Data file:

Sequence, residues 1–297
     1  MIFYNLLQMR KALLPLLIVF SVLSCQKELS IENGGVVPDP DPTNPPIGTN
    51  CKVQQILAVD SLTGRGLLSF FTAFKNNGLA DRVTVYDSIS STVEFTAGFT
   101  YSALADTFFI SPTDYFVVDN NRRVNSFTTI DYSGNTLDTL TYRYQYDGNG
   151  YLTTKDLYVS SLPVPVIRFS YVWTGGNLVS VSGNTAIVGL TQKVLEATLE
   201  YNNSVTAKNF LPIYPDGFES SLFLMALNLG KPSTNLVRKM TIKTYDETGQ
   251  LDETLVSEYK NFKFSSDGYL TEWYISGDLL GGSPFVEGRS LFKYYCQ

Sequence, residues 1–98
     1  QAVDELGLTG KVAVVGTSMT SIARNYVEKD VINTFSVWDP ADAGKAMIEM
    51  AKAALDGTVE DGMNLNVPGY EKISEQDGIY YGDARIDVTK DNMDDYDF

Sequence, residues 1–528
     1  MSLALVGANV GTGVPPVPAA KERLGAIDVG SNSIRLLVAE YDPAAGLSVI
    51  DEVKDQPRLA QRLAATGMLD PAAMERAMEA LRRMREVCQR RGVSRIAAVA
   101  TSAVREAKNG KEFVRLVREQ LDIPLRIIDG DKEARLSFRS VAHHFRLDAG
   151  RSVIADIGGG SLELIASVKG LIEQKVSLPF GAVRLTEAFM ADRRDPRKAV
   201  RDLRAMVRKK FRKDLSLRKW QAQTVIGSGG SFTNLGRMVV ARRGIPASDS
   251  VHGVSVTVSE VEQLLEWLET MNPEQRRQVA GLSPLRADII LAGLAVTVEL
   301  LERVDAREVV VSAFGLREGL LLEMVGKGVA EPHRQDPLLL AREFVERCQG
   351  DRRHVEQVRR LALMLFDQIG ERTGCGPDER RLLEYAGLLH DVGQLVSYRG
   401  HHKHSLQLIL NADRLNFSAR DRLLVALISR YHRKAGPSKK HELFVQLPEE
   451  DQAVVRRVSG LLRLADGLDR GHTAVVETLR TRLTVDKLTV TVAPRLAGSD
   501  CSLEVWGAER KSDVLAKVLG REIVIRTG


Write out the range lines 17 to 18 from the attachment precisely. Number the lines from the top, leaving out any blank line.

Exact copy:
   251  VHGVSVTVSE VEQLLEWLET MNPEQRRQVA GLSPLRADII LAGLAVTVEL
   301  LERVDAREVV VSAFGLREGL LLEMVGKGVA EPHRQDPLLL AREFVERCQG